As we like to say around here, what’s troubling about President Trump’s finances isn’t so much what he owns, but what he owes.
On Friday, the nonpartisan Office of Government Ethics released Trump’s 2017 personal financial disclosure form, a helpful but hardly exhaustive accounting of the president’s vast holdings—income, assets, and liabilities. The document covers the period from January 2016 to April 2017. On the income side, it shows that Trump’s Washington hotel had a strong year, pulling in about $20 million. His Mar-a-Lago resort, meanwhile, reported $7.5 million more in income for the president than reported on last year’s disclosure. A tally by the New York Times found that 20 of Trump’s most high-profile resorts and golf clubs took in $360 million over that time, slightly more than the $350 million he reported last year.
On the liabilities side of the ledger, there is something new to be found. According to the 2017 disclosure, Trump refinanced a mortgage worth between $5 million and $25 million that he had with the Swiss bank UBS for the Trump International Hotel and Tower near Central Park. The entity that refinanced the UBS loan was Ladder Capital Finance, a small, somewhat obscure outfit that isn’t a bank at all, but rather what’s known as a real estate investment trust or REIT. Ladder Capital’s refinancing appears to have been a sweet deal for the president: According to the disclosure, the refinancing lowered the mortgage’s interest rate by a sizable two points, to 4 percent from 6.2 percent.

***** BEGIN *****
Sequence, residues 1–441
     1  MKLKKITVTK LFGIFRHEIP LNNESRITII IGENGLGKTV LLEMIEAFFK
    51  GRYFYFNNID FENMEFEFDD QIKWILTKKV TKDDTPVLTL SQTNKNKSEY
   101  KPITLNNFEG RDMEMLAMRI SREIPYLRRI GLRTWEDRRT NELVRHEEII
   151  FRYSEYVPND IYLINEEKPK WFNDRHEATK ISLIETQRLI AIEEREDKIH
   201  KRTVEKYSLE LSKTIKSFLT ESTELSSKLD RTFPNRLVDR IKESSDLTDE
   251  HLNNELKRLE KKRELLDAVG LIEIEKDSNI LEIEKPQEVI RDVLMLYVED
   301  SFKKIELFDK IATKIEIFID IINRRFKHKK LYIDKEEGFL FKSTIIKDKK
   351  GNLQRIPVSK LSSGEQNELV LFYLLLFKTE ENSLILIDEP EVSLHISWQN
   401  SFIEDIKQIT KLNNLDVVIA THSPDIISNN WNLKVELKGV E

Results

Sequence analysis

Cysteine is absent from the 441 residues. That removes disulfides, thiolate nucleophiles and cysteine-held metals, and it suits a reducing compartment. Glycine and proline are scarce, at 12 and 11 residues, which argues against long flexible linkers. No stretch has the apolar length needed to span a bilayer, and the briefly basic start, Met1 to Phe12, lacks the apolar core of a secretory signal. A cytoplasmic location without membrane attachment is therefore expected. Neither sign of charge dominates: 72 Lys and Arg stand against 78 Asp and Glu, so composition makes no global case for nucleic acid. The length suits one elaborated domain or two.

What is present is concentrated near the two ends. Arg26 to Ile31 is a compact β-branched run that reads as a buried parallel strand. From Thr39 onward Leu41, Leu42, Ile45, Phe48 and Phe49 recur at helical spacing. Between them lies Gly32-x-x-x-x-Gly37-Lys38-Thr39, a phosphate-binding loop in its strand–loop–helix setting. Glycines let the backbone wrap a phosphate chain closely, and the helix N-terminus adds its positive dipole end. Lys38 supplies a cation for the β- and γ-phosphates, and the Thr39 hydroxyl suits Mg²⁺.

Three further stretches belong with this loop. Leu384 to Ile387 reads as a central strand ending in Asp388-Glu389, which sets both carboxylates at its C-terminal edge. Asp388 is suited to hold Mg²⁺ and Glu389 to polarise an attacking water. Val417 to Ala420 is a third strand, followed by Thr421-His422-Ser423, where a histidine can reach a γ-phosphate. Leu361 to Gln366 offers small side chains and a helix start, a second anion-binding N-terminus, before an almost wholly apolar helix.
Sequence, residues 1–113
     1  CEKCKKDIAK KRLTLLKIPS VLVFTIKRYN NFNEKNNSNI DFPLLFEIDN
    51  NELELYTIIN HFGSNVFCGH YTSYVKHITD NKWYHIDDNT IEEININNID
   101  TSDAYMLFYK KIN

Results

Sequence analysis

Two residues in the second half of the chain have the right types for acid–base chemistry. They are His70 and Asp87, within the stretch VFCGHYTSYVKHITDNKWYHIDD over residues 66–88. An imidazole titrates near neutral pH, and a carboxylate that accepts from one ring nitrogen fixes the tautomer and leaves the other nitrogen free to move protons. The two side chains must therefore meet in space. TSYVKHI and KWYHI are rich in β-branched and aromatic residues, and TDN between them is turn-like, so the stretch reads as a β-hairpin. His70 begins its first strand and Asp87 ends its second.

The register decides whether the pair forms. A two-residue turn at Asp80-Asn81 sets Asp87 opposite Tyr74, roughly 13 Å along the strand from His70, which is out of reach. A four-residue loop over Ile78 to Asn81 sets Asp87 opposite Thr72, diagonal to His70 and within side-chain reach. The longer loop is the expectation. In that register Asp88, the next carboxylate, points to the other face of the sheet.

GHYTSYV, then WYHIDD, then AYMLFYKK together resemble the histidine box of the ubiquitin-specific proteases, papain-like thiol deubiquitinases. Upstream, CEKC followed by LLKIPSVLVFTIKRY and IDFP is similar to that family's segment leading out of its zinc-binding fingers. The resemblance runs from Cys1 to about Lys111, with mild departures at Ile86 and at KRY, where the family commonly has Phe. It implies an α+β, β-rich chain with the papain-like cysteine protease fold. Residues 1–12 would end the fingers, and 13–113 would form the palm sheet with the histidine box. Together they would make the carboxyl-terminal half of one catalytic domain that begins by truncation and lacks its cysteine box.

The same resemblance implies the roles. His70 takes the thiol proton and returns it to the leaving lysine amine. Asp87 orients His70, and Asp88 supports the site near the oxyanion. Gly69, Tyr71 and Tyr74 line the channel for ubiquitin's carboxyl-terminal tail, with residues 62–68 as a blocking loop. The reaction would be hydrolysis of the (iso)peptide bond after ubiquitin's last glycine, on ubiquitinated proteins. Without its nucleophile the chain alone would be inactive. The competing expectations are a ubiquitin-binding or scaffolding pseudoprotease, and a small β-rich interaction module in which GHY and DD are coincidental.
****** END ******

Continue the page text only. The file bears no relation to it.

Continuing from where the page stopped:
Ladder Capital is the president’s second-largest lender. It holds the notes on Trump properties at 40 Wall Street, Trump Tower, Trump Plaza, and now the Trump International Hotel and Tower. According to Crain’s New York Business, Ladder has extended Trump $275 million in loans in recent years, providing much-needed capital at a time when most major banks deemed Trump too risky to do business with. Ladder was founded almost a decade ago by Brian Harris, a former UBS executive for commercial real estate (which may help explain the refinancing connection).
As an REIT, Ladder Capital is less transparent than, say, a publicly-traded bank like JPMorgan Chase or Bank of America. We do, however, know that late last year Ladder Capital reportedly looked into the possibility of selling itself to another institution, blaming onerous federal regulations on the business of repackaging and selling loans. That raises important questions about what happens when one of Ladder’s biggest debtors is also the nation’s chief executive who oversees—and might push to change—those very regulations.